From Senegal to Nigeria, Mali to Ghana, the African continent has been home to a long and varied history of cloth. Yet until today, African fashion has been largely absent or on the mainstream global fashion stage.
However, in the past 50 years, the light of recognition is finally being shed on Africa's boundless pool of vibrant creators that fashion history has mostly, callously, ignored.
It is deeply shocking to discover that up until now, there hasn’t been a single exhibition in the UK retracing African fashion from an African perspective, and telling the stories of its creators and makers. For that reason alone, this V&A exhibition is ground-breaking.
Trying to sum up African fashion is no small task: the diversity and richness of its influences, creativity, savoir-faire and craftsmanship are as wide as the continent itself.
More than 250 objects are on display, with the stories behind them alongside personal insights from the designers, together with sketches, editorial spreads, photographs, film and catwalk footage.
The exhibition follows a chronological order starting with mid-twentieth century influential designers promoting African fashion on a global scale, to contemporary fashion creatives who are breaking from the past.
It is a delight to be able to see Chris Seydou’s famous bògòlanfini suit — marrying traditional cotton and wool cloth dyed with fermented mud with a western cut — which became a hit on the European runway in the 90s.
Chris Seydou’s bògòlanfini suit
The Kuba raffia dress created by Malian designer Alphadi is both an aesthetic marvel and a feat of technical prowess.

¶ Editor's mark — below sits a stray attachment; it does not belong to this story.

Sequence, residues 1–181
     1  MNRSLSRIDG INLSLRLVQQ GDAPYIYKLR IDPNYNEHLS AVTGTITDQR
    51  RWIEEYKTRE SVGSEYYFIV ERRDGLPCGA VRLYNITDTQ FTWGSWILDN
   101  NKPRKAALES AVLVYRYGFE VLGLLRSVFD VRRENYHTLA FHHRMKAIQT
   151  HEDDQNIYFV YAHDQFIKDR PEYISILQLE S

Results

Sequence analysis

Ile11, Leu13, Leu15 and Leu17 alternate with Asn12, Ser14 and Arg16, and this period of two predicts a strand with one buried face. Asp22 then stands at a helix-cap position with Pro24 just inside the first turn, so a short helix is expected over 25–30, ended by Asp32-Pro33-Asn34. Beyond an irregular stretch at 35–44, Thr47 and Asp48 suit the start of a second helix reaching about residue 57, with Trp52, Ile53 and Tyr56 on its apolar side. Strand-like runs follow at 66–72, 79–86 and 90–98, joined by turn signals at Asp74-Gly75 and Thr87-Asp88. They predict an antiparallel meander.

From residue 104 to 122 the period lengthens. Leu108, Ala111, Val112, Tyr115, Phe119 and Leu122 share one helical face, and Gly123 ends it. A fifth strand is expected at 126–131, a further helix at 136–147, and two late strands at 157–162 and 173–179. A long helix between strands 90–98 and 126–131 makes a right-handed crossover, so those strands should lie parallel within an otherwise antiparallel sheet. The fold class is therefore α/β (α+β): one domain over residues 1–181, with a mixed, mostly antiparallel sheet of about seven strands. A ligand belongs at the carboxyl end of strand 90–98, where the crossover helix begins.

Amongst contemporary creatives, fashion is a way to break with historical codes and begin a dialogue about the future. ‘My work focuses on decolonising the mind’ says Congolese designer IAMISIGO. His outfits always carry meaning — some of them combine ancient materials, techniques and symbolic references of the likes of Nkondi Nkissithe protective Congolese figurine.
Moroccan fashion creative Artsi Ifrach joins two symbolic outfits, the trench coat and the burka, to create a dreamy futurist dress. For him, ’the piece is a dialogue, a journey between cultures.’
While cultural heritage and local savoir-faire are very much at the core of what African contemporary designers create, there is also a quest for a sustainable future. Textile designer Awa Meité looks at supporting local cotton processing to provide higher incomes to local communities.
Awa Meité design
The exhibition is not only utterly gorgeous, it tells the stories of an African future.
‘African fashion is the future. African fashion is now,’ says Omoyemi Akerele, founder and director of Lagos Fashion Week. ‘Fashion that’s created by our people for our people and for the benefit of growing and developing our economy.’
‘We hope this exhibition will spark a renegotiation of the geography of fashion and become a game-changer for the field’ says V&A Senior Curator Christine Checinska.
We hope so too.
|What||A hymn to African fashion, finally|
|Where||V&A, South Kensington, Cromwell Road, London, SW7 2RL | MAP|
|Nearest tube||South Kensington (underground)|
02 Jul 22 – 26 Apr 23, 10:00 AM – 6:00 PM
|Website||Please click here for more information|